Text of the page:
About Me

Kyle Smith (Twitter: @rkylesmith) is critic-at-large for National Review, theater critic for The New Criterion and the author of the novels Love Monkey and A Christmas Caroline. Type a title in the box above to locate a review.

Buy Love Monkey for $4! "Hilarious"--Maslin, NY Times. "Exceedingly readable and wickedly funny romantic comedy"--S.F. Chronicle. "Loud and brash, a helluva lot of fun"--Entertainment Weekly. "Engaging romp, laugh-out-loud funny"-CNN. "Shrewd, self-deprecating, oh-so-witty. Smith's ruthless humor knows no bounds"--NPR

Buy A Christmas Caroline for $10! "for those who prefer their sentimentality seasoned with a dash of cynical wit. A quick, enjoyable read...straight out of Devil Wears Prada"--The Wall Street Journal

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    Amis on Hitchens

    By kyle | April 22, 2012

    At the Martin Amis eulogy for Christopher Hitchens in New York City last week, Amis revealed that Hitchens confessed to being in “a world of pain” when the Iraq War, which he vigorously supported, was going badly, suggesting that Hitchens’ contrary nature was not as easy as it looked. Amis also said that Hitchens invariably referred to Amis as “my dear little Keith.” This is interesting; the central or most memorable characters of Amis’s novels “Dead Babies,” “London Fields,” “Yellow Dog” and “The Pregnant Widow” are named Keith, and in all but the last of these (which is fairly autobiographical) the character is hilariously reprehensible. I wonder if this must be a reference to “Dead Babies,” from 1975 (or whether Amis named the character in that book Little Keith to please Hitchens; the two had already been friends for a few years). Anyway, the Little Keith in that book is Amis-sized (I’d say Martin is about 5′ 4″), and a socially isolated, perpetually angry object of universal loathing (his last name is “Whitehead”) who wears gigantic cowboy boots to try to make up some of his size deficit. He’s one of Amis’s finest comic creations, as is the even more vivid Keith Talent, the pub-crawling burglar in thief in “London Fields.”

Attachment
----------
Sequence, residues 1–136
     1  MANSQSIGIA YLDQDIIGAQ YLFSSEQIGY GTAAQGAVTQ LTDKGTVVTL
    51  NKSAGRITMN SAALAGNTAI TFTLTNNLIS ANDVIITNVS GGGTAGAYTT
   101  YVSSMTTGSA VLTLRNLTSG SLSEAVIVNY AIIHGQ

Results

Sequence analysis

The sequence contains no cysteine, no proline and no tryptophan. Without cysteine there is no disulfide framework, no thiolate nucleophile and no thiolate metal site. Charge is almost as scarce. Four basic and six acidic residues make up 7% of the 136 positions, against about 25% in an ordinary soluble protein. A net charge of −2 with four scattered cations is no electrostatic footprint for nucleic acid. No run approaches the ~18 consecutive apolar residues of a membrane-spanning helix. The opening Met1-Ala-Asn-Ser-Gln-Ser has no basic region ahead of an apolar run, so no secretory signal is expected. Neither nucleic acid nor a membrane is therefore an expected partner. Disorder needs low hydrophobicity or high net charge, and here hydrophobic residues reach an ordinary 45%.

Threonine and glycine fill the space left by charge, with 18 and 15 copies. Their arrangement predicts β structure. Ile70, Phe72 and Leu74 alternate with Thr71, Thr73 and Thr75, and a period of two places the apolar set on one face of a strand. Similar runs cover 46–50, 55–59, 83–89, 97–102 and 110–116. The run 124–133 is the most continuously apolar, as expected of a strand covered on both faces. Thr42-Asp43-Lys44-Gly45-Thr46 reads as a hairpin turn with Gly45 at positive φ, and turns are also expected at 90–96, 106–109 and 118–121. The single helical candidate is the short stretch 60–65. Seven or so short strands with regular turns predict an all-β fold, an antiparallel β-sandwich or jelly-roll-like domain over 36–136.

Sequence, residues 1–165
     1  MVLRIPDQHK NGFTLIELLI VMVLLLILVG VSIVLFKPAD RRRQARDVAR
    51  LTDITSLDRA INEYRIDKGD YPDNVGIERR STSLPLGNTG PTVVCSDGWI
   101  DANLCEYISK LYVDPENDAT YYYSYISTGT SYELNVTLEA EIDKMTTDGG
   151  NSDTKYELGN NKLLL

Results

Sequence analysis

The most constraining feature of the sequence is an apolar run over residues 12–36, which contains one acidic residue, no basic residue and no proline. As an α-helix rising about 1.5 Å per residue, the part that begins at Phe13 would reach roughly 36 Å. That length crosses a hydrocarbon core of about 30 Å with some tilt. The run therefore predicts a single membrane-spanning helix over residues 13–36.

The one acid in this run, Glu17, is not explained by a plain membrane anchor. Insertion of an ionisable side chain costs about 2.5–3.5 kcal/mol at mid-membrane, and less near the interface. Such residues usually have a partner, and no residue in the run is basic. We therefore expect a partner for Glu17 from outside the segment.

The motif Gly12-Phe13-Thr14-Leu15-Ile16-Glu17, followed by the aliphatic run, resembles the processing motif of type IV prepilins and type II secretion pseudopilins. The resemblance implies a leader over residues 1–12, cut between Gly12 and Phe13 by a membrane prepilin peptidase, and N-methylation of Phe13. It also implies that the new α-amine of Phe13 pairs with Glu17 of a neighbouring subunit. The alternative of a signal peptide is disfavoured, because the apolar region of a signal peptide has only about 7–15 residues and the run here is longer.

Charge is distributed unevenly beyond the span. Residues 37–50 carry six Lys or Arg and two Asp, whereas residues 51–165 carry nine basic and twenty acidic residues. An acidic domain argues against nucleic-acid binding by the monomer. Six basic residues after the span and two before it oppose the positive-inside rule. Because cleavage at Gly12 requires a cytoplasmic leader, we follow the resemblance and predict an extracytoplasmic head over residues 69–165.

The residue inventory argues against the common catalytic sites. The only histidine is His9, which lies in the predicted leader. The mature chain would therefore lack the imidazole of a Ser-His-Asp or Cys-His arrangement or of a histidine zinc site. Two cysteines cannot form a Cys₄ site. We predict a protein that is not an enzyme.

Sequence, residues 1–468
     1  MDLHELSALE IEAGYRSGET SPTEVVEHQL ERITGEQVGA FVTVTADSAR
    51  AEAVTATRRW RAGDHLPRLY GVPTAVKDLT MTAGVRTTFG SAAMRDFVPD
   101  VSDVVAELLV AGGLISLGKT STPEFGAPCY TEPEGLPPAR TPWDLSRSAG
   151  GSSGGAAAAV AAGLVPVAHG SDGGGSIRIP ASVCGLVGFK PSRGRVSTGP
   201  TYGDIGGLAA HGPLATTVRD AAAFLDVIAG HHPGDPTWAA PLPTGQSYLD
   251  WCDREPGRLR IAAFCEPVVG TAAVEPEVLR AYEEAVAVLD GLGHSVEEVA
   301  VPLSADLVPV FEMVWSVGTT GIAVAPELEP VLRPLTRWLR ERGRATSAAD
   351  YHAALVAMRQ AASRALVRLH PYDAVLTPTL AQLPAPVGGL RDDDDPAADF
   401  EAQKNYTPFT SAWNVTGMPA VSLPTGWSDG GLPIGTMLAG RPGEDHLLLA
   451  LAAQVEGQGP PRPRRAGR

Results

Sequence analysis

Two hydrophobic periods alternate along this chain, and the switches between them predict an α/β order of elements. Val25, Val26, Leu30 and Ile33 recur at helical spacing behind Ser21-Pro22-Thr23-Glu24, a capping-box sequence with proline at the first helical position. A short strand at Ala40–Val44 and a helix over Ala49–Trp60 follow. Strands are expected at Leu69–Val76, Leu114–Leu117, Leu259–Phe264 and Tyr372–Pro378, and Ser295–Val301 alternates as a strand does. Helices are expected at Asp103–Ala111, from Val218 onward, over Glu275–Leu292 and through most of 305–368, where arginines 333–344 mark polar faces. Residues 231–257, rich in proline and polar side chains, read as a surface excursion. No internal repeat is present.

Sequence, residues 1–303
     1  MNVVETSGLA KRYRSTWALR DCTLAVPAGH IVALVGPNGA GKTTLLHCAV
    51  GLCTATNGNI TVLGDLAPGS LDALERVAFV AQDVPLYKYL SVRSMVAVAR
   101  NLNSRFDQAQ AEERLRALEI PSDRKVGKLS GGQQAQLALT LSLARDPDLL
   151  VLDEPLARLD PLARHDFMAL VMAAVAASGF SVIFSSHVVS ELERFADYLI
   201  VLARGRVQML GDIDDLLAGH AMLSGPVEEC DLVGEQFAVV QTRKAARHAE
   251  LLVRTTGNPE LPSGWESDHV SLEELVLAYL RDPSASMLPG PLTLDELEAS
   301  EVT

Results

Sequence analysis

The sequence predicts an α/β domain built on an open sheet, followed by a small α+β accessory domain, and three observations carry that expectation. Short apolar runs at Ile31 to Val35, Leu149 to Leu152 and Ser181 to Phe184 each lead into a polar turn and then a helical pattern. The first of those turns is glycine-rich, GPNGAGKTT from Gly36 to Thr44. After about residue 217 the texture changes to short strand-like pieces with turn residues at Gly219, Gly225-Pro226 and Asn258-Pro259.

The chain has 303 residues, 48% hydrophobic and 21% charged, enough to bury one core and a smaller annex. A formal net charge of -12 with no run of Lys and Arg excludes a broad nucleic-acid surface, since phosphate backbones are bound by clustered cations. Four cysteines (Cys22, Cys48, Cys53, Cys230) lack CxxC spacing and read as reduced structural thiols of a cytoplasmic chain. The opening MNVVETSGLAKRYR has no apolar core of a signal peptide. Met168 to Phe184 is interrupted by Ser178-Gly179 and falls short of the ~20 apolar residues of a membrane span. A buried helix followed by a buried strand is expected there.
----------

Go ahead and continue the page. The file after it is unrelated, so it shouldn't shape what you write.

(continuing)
Update: I see the Wall Street Journal already reported that the “little Keith” sobriquet is indeed a reference to “Dead Babies.” Another interesting tidbit here (also alluded to in Amis’s eulogy) is that each friend thought of the other as the leader, the senior partner, and the one who was irresistible to women.

    Topics: Books, Christopher Hitchens | No Comments »